Huey P. Newton, portrayed by Elijah Payne, explains the conditions that lead to the founding of the Black Panther Party as Elaine Brown, portrayed by Delaney Mapp, stands in formation at Oakland Freedom School’s graduation on Aug. 5 in Oakland. – Photo: Reginald James
“Oakland Freedom School, how do you feel?”

“Fantastic! Terrific! Great! All. Day. Long. Ugh ugh ugh uggghh!”

So began the call-and-response at the graduation ceremony of Oakland Freedom School (OFS) held on Aug. 5 at the House of Music in downtown Oakland.

“It’s the reee-miiiix,” yells Adrianne Gillyard, program director of OFS. Students and teachers repeat the response, but this time enter into a sustained, Master P-type “uggh” as some dipped to the ground and others leaned back like Neo from “The Matrix.” Seconds later, they pop back up and the chorus ends with a grand Oakland punctuation mark: “You feel me?”

These chants, along with half a dozen others, were the bookends each day at the five-week-long literacy program that is organized each summer by Leadership Excellence. The program operated in two sites this summer: Ile Omode in East Oakland and Mt. Zion Missionary Baptist Church in West Oakland.

Students learned many things about African and African American history, ranging from the classical African civilizations of Kemet (ancient Egypt), Songhai and Mali to the Black Arts Movement and the Harlem Renaissance. The African-centered curriculum is designed to encourage youth to read during the summer while building self-esteem and a strong cultural identity.

The graduation ceremony began with libation lead by OFS teacher Duane Deterville. Libation is a ritual honoring God and our ancestors by pouring water onto a plant while speaking the names of those ancestors. The names of freedom fighters like Harriet Tubman, Ida B. Wells, Marcus Garvey and Malcolm X were said. One person called Oscar Grant.

Each classroom then presented. Children showcased cute but militant formations, using “liberation” and “revolution” instead of the directions of left and right. One spirited group led by OFS teacher Randa Powell had time to “bust a move,” breaking out into dance, then immediately returning to the basic standing formation of “freedom one,” simultaneously showcasing creativity and discipline. The groups’ “strike a pose” was also a crowd favorite.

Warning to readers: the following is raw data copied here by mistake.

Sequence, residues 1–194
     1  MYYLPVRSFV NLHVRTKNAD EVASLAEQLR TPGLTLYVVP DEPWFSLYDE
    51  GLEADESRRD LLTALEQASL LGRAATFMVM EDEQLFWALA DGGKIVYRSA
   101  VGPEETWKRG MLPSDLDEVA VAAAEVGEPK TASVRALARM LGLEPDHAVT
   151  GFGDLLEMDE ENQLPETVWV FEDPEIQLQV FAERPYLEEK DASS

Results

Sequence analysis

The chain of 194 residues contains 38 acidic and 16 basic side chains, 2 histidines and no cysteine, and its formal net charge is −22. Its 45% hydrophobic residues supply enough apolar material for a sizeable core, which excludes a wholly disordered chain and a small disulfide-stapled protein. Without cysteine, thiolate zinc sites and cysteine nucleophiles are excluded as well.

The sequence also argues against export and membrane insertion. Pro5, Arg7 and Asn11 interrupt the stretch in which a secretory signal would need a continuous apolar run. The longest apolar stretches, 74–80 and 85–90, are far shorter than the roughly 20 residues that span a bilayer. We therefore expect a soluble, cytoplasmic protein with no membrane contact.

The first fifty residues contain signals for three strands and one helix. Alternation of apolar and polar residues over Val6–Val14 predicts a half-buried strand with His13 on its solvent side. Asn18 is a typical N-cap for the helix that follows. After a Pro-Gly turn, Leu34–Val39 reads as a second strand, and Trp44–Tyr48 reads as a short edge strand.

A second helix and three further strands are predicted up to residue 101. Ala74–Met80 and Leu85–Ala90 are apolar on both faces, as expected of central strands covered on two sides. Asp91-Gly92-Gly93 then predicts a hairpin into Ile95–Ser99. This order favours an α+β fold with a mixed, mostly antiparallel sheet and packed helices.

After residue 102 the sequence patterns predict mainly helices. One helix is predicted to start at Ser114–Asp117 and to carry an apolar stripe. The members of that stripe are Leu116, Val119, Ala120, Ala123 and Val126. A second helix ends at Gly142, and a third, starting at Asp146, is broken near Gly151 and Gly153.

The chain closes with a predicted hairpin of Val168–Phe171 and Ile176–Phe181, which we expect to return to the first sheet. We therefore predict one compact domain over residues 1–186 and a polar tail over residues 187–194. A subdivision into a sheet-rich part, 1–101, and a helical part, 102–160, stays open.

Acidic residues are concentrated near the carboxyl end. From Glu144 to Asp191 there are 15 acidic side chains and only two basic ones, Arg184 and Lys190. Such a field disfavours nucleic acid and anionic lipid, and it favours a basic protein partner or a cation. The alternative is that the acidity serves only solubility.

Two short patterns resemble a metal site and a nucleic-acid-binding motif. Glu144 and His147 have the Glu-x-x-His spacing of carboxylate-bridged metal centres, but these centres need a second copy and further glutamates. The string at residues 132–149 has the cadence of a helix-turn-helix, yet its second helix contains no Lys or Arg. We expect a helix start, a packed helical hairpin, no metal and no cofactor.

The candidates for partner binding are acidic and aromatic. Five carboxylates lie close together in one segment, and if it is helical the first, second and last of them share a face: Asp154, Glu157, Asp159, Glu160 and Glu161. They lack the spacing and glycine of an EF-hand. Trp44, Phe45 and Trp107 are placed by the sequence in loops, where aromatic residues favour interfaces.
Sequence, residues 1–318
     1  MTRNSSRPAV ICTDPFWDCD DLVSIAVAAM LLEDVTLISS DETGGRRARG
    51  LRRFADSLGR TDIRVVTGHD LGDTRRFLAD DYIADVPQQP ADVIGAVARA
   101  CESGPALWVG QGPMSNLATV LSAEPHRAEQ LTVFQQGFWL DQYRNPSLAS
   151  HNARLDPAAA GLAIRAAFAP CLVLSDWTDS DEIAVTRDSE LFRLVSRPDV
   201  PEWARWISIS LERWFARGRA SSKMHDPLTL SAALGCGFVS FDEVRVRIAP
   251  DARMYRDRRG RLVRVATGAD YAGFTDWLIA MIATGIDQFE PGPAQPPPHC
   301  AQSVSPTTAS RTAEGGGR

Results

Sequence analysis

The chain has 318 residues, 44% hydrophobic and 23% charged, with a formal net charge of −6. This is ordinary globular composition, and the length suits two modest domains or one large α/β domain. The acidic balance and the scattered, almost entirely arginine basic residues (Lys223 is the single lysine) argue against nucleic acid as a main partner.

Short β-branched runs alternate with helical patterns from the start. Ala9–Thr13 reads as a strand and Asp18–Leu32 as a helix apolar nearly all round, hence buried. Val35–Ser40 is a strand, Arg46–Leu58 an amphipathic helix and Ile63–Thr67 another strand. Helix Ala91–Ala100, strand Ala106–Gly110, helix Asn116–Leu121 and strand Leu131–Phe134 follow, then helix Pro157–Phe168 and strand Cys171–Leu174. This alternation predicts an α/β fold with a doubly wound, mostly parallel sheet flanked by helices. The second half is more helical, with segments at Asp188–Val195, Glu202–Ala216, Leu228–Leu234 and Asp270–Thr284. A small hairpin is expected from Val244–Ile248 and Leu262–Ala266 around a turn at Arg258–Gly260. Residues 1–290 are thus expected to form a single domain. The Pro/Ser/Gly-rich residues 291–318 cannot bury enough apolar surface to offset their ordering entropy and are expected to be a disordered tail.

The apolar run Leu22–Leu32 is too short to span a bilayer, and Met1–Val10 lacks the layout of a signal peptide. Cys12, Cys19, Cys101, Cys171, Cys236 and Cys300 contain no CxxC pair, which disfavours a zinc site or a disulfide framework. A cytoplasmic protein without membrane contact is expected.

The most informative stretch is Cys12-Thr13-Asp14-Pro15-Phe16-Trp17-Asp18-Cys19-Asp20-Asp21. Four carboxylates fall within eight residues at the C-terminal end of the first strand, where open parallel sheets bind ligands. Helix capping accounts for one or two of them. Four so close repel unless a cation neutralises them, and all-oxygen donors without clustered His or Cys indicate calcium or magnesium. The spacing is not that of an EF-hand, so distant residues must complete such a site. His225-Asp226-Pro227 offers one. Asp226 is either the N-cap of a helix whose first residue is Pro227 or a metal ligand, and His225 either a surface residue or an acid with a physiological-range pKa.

Next, the Black Panther class marched forward wearing all black, chanting: “The revolution has come! OK! Shine your light like the sun! OK!” The class educated the crowd about the Black Panther Party. Elijah Payne, son of Oakland educators Macheo and Kafi Payne, stood proudly in an OFS T-shirt and black beret, representing the late Dr. Huey P. Newton. OFS student Delaney Mapp, daughter of founder Rue Mapp, represented Elaine Brown, former chairwoman of the Party, while Kadar Howard portrayed exiled Panther Assata Shakur.

OFS teacher Tiara Phalon’s class was transformed into the “Anansi Players.” The class, named after the spider from West African folklore, performed a dramatic interpretation of trickster Anansi while Phalon read the tale.

Simone Ross portrays Gye Nyame, which is a Ghanaian Adinkra symbol for the supremacy of God, during a skit by the Anansi Players on graduation day at Oakland Freedom School. – Photo: Reginald James
“Freedom Schools” were developed in the early 1960s to organize African people in Southern states to achieve equality. It was in 1964 that the Mississippi Freedom Schools were organized to encourage mass Black voter registration. However, freedom schools’ origins also have roots in the tradition of reconstruction era schools for freedman. Freedom Schools reemerged in 1993 and first opened in Oakland that year, according to OFS teacher Adeilei Ngeno. Leadership Excellence began its Oakland Freedom School in 1999.

“It’s a beautiful thing to still be going strong,” Ngeno said. “It’s a beautiful thing for the babies to have a place to feel safe, to feel loved and to appreciate being African.”

Another favorite youth chant then began: “I am somebody! I won’t be stopped by nobody! I got my fist in the air and the movement in my feet. I got love for my people but it starts with me.”

After a dance performance by another group of students, Leadership Excellence founder and board chairman Dr. Shawn Ginwright provided an update on the organization.

“The organization is not doing well,” Ginwright said of the two-decades-old organization dedicated to the empowerment of African American youth. The economic crisis has threatened many of the organization’s programs. For the first time in over a decade, the organization postponed Camp Akili, a one-week summer camp that deals with root causes of violence, racism, sexism and encourages critical thinking, while still getting youth into the great outdoors.

Yet, the group remains as determined as the youth they serve. “We are in the process of seeing where we will be in the next 20 years.” Following Ginwright, Dereca Blackmon, former executive director, led a closing prayer and asked for financial support from community members present.

The program ended with a Harambee circle, similar to closing ceremonies at Kwanzaa celebrations. “Harambee” is Swahili for “pulling together.”